In 1987, I had such bad neck and shoulder pain; I couldn't turn my head to drive to Newington for massage classes. The people I car pooled with
had to take over when it was my turn to drive. I wore a neck brace and had headaches every day.
This wasn't what I had in mind when I started classes at the Connecticut Center for Massage Therapy. I wanted to
help people, not be the one who needed help. I had a stressful schedule, some personal stress and I lived in a
house full of mold. I was exhausted and couldn't sleep. Keeping up with my studies and work was a huge
I was finally diagnosed with fibromyalgia. The rheumatologist said I would have to take Xanax, an addictive
anti-depressant, for the rest of my life to manage the symptoms. I took one. Then I came to my senses. I knew there
had to be a better way.
I read everything I could get my hands on about health and nutrition. I changed my diet drastically. I took
supplements to support my immune system and undo some of the damage caused by the mold. I got lots of massage,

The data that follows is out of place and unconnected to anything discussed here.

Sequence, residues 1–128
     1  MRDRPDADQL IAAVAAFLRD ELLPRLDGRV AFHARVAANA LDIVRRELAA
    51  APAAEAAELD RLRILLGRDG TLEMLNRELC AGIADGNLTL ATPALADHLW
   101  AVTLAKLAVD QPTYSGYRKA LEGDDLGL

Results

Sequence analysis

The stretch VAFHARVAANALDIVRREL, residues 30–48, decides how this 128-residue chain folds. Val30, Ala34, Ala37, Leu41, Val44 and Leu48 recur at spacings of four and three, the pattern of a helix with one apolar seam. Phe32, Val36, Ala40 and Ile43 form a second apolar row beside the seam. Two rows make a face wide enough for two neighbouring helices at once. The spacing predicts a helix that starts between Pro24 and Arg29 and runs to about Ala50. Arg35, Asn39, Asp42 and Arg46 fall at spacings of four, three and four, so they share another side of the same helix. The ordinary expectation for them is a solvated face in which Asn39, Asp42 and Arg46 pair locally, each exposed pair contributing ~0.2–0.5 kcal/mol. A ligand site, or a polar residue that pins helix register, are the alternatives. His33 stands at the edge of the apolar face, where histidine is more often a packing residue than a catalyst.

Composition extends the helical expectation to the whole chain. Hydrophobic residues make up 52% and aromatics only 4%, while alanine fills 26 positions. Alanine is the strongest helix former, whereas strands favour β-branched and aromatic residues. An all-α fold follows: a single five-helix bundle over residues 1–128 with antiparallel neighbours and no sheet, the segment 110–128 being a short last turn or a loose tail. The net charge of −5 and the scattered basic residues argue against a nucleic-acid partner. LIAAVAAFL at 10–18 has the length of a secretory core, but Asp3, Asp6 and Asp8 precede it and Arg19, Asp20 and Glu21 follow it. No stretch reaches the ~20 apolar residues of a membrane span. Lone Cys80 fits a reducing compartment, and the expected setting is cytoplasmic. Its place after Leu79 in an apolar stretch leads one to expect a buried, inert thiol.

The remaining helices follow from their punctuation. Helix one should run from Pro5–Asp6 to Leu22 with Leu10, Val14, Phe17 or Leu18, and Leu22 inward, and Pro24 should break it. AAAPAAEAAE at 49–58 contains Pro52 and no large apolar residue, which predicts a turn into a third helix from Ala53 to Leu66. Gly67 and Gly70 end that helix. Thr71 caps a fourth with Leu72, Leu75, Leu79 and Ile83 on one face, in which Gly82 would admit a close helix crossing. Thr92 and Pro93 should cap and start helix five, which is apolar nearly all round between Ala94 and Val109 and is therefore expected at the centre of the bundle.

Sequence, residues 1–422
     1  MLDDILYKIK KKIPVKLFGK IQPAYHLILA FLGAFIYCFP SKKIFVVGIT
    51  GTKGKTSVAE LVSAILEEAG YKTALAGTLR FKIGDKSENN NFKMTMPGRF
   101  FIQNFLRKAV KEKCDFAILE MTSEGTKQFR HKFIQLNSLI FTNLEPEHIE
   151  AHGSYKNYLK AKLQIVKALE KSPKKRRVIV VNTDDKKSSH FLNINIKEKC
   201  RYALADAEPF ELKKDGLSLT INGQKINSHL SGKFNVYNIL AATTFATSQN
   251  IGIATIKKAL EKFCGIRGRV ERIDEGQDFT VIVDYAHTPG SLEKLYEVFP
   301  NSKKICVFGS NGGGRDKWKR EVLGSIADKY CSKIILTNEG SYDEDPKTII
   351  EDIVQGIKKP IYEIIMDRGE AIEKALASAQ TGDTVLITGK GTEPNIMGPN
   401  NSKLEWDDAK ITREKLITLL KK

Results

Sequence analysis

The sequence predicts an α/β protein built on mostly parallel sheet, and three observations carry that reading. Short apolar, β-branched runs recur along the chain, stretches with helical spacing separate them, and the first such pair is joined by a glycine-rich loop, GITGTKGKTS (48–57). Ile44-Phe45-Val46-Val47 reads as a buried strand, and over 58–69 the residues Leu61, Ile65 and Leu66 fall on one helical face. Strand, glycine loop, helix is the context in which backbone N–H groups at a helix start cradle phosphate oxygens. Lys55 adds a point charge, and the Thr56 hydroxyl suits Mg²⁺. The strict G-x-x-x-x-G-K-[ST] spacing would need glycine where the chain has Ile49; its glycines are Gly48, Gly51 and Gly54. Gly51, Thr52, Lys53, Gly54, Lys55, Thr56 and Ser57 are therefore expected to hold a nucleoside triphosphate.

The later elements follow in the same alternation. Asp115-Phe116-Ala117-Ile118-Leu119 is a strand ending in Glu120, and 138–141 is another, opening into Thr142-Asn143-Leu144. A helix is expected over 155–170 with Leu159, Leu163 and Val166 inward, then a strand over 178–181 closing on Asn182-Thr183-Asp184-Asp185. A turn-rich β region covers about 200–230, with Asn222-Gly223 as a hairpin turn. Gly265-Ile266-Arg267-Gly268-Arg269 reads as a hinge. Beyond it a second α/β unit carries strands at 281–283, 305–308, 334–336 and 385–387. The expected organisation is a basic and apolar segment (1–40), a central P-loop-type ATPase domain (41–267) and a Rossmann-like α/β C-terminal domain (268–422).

practiced relaxation techniques and saw a homeopathic physician.I was finally able to get some sleep. My pain and
headaches disappeared as long as I was faithful to my regimen.
In a profession where the average career lasts six years, I have been in practice for 20. I have many techniques
to draw from but I don’t hesitate to refer to other practitioners when massage alone might not do the job.
When I get to know your body, I can get right down to business without having to search for your problem spots.
We can establish an ongoing plan that builds improvement into each session.
It's important to consider diet, lifestyle, and dysfunctional body mechanics when we search for the causes of
your pain or stress. Knowledge is power and I believe my clients should be powerful.